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For $n$ a natural number, $\alpha$ an ordinal, let $p(n,\alpha)$ be the $n$-th projectum of $J_\alpha$, where $J$ is the Jensen hierarchy for $L$.

Call a finite sequence $s:=(x_1,\dots,x_m)$ of integers projectum-representable iff there is an ordinal $\alpha$ such that $$p(1,\alpha)=p(2,\alpha)=\dots=p(x_1,\alpha)\gt$$ $$p(x_1+1,\alpha)=\dots=p(x_2,\alpha)\gt$$ $$p(x_2+1,\alpha)=\dots=p(x_3,\alpha)\gt$$ $$\dots=p(x_m,\alpha),$$ i.e. if the sequence of projecta of $J_\alpha$ consists of a sequence of $x_1$ identical terms, then drops, then has $x_2$ identical terms, then drops again etc.

Which finite sequences are projectum-representable?

By condensation arguments, it can be seen that every representable sequence is already representable with a countable ordinal $\alpha$.

References would also be welcome.

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up vote 7 down vote accepted

The short answer is that all finite sequences are representable.

Suppose you want the general constellation you gave. We work inside $L$. For $X=\langle X,\in \rangle$ a model of V=L (not necessarily transitive) define $S^X_n(Y)$ to be the $\Sigma_n$-Skolem Hull in $X$ of the set $Y$. Let $\tau$ be the least ordinal $> \omega_{m-1}$ with $L_\tau$ a model of $\Sigma_{x_1}$-Separation scheme. (This ensures that $\rho(x_1,\tau)=\tau$.) Set $H_0= L_\tau$. Now define by recursion on $j$ for $1\leq j\leq m-1$: $$H_j = S^{H_{j-1}}_{x_j +1}(\omega_{m-1-j}). $$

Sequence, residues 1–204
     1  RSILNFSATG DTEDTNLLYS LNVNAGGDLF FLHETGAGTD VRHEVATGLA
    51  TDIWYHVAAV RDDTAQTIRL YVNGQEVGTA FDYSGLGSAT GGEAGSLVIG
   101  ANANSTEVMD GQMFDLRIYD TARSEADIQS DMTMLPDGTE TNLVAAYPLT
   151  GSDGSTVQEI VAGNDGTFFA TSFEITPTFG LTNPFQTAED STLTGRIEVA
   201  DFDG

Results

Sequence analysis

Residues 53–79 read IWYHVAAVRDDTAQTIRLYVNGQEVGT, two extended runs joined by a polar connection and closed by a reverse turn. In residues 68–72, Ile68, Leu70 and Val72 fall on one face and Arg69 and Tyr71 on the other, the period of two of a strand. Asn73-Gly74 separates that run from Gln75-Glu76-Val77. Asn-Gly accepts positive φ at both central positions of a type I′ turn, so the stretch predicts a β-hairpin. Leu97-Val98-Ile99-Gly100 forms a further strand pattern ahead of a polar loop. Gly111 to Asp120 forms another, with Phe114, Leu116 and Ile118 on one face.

Let $L_\alpha \simeq H_m$.

This is admittedly easier to see with an example: say $(x_1,x_2,x_3) = (2,4,6)$ with $m=3$ "drops". Let $\tau$ be the least above $\omega_{m-1} =\omega_2$ with $L_\tau$ a model of $\Sigma_2$-Separation. Then $\tau = \rho(\tau,2)> \omega_2 =\rho(\tau,3) \ldots$. Then $$H_1 = S^{L_\tau}_5(\omega_1).$$ (If we were to transitivise this hull it would be an $L_{\alpha'}$ with $\rho(\alpha',k)=\omega_1$ for $k\geq 5$. One should check, e.g., that $\rho(\alpha',4)\neq \omega_1$: but if this failed then there would be a $\Sigma_4(L_{\alpha'})$ map of $\omega_1$ cofinally into $\alpha'$; but this is a $\Pi_5$ statement, and would then be true in $L_\tau$ which is absurd.) Then take $$H_2 =S^{H_1}_7(\omega).$$

Let $L_\alpha \simeq H_2$. Similar checks reveal that $\rho(\alpha,6)=\omega_1> \rho(\alpha,7) \ldots$ etc. and we have the correct pattern.

I do not know of any references for this.

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Thanks for this thorough answer! The construction is really elegant. – M Carl Nov 19 '11 at 15:16

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